Derek A. Nelson was sentenced to 19 years in prison on March 29, one day after he was convicted of securities fraud in Collin County State District Court.
Nelson operated a real-estate investment program that would supposedly buy and renovate distressed properties. Nelson sold approximately $37 million in promissory notes in the U.S. and Canada through Capital Mountain Holding Corp. of Garland and various limited liability corporations. Most of the U.S. victims lived in the Dallas-Fort Worth area.
Nelson told investors he would use the proceeds from the sale of the promissory notes to buy distressed properties and renovate them for rent or sale, generating enough money to pay the rates of return he promised investors.
Instead, Nelson used at least $20 million of investors’ money to prop up a Ponzi scheme, paying investors their promised returns with money from other investors. Nelson also used $2.7 million of investor funds to pay for personal expenses and to contribute to his church.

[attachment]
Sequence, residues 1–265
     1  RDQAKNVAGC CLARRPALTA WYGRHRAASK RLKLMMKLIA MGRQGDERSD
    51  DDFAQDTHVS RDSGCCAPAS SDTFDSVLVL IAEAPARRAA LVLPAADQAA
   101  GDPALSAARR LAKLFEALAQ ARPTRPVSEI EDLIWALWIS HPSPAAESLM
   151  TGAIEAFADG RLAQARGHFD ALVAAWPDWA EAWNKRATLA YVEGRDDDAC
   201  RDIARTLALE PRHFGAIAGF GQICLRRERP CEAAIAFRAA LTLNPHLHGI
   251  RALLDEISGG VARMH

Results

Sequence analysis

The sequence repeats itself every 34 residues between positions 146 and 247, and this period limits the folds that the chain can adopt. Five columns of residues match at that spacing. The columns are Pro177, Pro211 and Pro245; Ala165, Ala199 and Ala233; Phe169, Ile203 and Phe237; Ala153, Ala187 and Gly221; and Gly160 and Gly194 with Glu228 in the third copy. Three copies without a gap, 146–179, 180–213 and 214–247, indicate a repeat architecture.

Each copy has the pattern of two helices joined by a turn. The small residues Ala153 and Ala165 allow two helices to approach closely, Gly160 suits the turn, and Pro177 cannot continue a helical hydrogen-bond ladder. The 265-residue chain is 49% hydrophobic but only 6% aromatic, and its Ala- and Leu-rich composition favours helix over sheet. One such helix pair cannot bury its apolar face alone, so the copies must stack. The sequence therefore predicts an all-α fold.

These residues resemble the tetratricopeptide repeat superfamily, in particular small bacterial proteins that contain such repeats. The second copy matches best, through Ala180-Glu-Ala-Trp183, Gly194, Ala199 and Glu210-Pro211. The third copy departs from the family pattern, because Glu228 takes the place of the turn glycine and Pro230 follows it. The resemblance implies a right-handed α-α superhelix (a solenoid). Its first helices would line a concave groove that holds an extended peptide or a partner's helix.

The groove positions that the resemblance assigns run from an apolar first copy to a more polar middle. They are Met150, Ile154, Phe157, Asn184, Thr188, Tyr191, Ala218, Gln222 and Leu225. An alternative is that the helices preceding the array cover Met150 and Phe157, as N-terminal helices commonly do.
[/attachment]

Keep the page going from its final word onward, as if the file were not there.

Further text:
Depending on when they were issued, the notes were supposed to pay improbably high rates of return. One series of promissory notes promised returns of 10% per month for three months. Others were supposed to pay an annualized return of 18% for two years and 21% for five years.
Nelson falsely represented to investors that their investments were secured by first liens on the properties he acquired. In fact, the first liens, and in some cases additional second liens, belonged to the banks that held mortgages on the properties.